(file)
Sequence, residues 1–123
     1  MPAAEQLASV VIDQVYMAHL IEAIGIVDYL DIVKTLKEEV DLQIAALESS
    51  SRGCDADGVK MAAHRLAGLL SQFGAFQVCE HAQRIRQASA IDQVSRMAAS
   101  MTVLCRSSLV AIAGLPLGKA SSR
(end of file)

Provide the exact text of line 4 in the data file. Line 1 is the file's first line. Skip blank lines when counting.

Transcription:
   101  MTVLCRSSLV AIAGLPLGKA SSR